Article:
Hope everyone enjoyed the holidays and got some much-deserved rest over the break. Many of you have been busy with travel and getting final applications to colleges, so now we can all enjoy the rest of senior year at Nobles. January is a quiet time  for Class I but we start back up in February.

On Tuesday, Feb. 1, there is a parent coffee scheduled. We are trying to find a different venue and will apprise you of the details in the upcoming Friday e-mails. On Friday, Feb. 11, 2011, we will be having “Just Desserts” for Class I students. This is a dessert extravaganza served after lunch. Gail Radley has graciously offered to chair this event and we will keep you posted about it in upcoming e-mails and in the next e-newsletter.

We are looking for parent volunteers to chair some upcoming events: namely, the Class I Surprise Lunch on Friday, March 4, 2011, and "The Way We Were" on Tuesday, May 31, 2011. If you have any interest, please contact one of us. We would love your help and ideas.

Thanks for all your support and we look forward to making this last year the best for all our Class I students.

Yvette Shakespeare - YVShake@aol.com
Amy McLaughlin-Hatch - yogaamy@comcast.net 
Lori Giandomenico - LGiando@verizon.net

January 2011: Class III Notes



 

From left: Valerie Kolligian Thayer and Kris Ganong
From left: Valerie Kolligian Thayer and Kris Ganong

We hope you all had a restful holiday break and a happy New Year.

On March 5, 2011Bob Henderson will host the Class III Head of School Dinner Dance. This is a semi-formal, no date, dinner-dance attended by Class III students only. This special event is organized by Class III parents and we would love to have your help! Please come to our first planning meeting on Jan. 11, at 8 a.m. in the MAC conference room. (Bring your own coffee!) If you can not attend but would like to help in some way, please e-mail Kris Ganong at ganongfamily@verizon.net.

On Thursday, Feb. 3, please join us for the Class III winter parent coffee at 8 a.m. in the Castle.

Other January dates:

Tuesday, Jan. 4: School reopens
Monday, Jan. 17: MLK Day – School closed – Optional Service Day

As always, please contact us if you have any questions or comments.
Kris Ganong - ganongfamily@verizon.net 
Valerie Kolligian Thayer - vkolligian@aol.com

January 2011: Class IV Notes



 

From left: Betsy Allen, Kathy Fitzgerald and Suzie Montgomery
From left: Betsy Allen, Kathy Fitzgerald and Suzie Montgomery

Happy Holidays, everyone! Our best wishes for a joyful and healthy New Year.

Back in September, our hope was two-fold: (1) that new and returning students would join together to form a cohesive, civic-minded, serious yet fun class; and (2) that parents would be involved and engaged, share information, get acquainted, and participate as fully as their schedules allow. The ultimate goal was for our kids to seamlessly transition into high school and to have a fun experience as well.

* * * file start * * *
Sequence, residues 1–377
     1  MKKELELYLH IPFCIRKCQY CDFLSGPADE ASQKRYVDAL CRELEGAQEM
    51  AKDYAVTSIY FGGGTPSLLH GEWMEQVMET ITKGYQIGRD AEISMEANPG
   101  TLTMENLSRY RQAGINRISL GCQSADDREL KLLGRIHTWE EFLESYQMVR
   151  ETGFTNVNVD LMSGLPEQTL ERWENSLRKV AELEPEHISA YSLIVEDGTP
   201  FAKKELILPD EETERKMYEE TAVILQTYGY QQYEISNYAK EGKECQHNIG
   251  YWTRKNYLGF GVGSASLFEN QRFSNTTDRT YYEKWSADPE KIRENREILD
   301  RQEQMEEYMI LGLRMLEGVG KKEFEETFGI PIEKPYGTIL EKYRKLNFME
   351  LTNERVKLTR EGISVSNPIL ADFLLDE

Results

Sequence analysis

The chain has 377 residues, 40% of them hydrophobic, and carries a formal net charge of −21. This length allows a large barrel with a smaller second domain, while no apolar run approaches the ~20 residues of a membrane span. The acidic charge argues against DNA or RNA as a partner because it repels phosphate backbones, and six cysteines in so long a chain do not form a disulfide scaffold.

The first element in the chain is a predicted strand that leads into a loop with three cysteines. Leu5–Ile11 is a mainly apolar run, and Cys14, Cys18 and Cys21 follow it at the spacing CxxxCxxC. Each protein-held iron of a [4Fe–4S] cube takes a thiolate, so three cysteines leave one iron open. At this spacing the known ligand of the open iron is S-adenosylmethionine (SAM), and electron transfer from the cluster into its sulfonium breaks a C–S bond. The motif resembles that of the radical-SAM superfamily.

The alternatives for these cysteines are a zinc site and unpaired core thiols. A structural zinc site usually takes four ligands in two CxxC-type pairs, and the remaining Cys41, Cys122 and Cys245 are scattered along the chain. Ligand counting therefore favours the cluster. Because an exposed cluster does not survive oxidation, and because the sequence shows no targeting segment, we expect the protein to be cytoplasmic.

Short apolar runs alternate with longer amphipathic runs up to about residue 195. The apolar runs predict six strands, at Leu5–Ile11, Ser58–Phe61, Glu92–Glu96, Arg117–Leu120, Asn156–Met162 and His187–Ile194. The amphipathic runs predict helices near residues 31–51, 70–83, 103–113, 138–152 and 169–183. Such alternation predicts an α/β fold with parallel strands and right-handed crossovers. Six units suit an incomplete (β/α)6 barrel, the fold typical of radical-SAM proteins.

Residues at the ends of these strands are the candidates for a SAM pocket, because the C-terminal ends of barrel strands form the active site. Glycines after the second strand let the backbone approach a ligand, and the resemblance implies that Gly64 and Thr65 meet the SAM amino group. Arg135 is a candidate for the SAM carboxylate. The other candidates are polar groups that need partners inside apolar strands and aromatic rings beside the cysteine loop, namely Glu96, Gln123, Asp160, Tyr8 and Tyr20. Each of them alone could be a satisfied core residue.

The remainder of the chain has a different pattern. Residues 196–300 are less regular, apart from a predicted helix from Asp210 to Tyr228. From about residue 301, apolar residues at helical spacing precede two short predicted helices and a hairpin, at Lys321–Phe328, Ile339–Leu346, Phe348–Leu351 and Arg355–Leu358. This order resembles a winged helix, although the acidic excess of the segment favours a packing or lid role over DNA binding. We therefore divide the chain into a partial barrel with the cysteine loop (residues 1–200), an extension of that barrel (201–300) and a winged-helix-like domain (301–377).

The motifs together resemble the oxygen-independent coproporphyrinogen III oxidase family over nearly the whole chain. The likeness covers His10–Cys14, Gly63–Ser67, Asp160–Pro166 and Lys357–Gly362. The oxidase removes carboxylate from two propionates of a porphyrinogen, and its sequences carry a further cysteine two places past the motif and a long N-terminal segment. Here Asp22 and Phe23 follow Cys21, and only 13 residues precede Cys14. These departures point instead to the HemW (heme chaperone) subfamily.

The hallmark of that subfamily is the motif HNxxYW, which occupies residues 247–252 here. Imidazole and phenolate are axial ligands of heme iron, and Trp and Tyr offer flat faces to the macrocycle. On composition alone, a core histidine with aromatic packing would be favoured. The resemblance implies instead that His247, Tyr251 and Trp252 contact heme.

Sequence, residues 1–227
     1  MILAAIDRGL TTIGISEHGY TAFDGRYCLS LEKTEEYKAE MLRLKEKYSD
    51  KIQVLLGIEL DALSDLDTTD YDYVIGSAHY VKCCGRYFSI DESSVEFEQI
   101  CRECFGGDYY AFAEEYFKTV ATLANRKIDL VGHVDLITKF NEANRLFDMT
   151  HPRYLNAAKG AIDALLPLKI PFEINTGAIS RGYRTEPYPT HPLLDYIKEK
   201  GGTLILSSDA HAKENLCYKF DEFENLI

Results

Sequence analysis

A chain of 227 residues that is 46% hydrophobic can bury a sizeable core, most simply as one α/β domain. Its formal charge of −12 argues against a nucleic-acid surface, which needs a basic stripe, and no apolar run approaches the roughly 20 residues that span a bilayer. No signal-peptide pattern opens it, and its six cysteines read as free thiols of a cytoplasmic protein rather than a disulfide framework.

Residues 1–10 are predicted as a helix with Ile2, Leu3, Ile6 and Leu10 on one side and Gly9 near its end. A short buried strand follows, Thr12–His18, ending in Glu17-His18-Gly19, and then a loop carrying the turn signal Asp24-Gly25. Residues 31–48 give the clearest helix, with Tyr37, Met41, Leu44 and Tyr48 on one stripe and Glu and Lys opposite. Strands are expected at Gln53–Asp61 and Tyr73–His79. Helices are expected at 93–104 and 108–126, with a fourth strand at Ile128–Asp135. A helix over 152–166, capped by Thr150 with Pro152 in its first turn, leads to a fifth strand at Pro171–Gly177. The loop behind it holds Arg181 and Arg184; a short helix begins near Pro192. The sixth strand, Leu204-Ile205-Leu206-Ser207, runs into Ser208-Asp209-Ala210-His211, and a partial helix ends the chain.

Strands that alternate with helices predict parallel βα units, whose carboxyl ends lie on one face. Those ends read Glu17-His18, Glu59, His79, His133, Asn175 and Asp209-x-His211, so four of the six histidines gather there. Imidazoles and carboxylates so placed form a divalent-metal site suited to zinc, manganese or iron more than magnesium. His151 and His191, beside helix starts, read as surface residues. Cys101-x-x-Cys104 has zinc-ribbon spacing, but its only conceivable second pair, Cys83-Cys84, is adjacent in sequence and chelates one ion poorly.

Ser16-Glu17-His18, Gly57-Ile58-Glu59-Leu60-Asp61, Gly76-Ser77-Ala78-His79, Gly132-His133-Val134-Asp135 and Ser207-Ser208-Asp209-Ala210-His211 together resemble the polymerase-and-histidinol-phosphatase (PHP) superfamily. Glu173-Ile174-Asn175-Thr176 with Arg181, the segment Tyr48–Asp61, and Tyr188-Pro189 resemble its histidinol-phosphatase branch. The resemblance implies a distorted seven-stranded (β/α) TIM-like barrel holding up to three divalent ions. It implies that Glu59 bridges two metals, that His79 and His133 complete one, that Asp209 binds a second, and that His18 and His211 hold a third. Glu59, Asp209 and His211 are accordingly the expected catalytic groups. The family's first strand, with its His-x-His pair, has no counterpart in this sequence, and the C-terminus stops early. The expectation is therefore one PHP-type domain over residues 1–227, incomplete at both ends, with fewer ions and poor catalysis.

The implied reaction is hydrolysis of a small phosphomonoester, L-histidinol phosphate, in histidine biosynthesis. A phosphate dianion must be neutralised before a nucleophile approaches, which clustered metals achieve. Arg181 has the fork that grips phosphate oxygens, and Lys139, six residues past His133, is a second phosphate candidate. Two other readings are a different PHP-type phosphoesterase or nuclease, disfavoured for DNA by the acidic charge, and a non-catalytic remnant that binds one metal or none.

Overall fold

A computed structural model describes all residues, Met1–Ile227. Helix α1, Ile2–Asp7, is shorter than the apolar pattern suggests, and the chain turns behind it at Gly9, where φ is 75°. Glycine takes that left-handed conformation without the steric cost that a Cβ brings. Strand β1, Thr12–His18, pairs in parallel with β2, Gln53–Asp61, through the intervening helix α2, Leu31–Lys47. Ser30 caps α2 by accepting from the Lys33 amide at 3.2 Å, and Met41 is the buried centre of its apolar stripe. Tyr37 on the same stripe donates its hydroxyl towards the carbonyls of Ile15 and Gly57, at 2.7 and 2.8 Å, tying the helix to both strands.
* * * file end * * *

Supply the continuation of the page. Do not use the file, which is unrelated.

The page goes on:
From our vantage point, we are happy to report that this hope has largely become a reality. Our kids have adapted to their new status as high school students with surprising ease and old students have welcomed new ones into the fold to form a cohesive group. New friendships have been formed by both students and parents and we have been gratified by the outpouring of support for all of the activities we’ve had thus far. We hope you know that your help is highly valued. We also hope that you can maintain that fantastic level of involvement even as our days get busier. One of the great benefits of involvement is the wonderful opportunity it presents to share in the lives of our children at Nobles. We hope that you have been pleased by what you’ve seen and that you have been taking advantage of all that the school offers.

Please be reminded that our second Class IV coffee is on Jan. 6, after drop-off. Linda Macdonald, Malcolm’s mom, has graciously volunteered to host this event at her home in Wellesley and we are, of course, appreciative and grateful to her. Also, please, mark your calendars for the spring parent dinner which will be on Friday, April 8, at Kamal Gupta’s home in Newton. We are also extremely grateful to her. Both women are wonderful symbols of the level of involvement and enthusiasm we have had.

We are requesting volunteers to help with the Class IV Surprise Lunch which is scheduled for Friday, Feb. 4, and will be held at the Castle. Please e-mail Suzie if you’re able to volunteer. We appreciate any assistance you can give us to make this event a fun one for all our kids. Discreet details will be forthcoming.

As always, please feel free to contact us if you have any ideas, suggestions or questions. Thank you once again for your support. We look forward to seeing you all on Jan. 6. We hope to start the New Year the way we ended the last one – together and happily engaged in a common purpose.

Warmly,
Betsy M. Allen – mother of Jason - allenlawgroup@aol.com  
Kathy Fitzgerald – mother of Audra & Julia - katkiss1@comcast.net   
Suzie Montgomery – mother of Max - s.montgomery33@comcast.net 

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If you have questions, comments or suggestions for this newsletter, email Kim Neal at kim_neal@nobles.edu.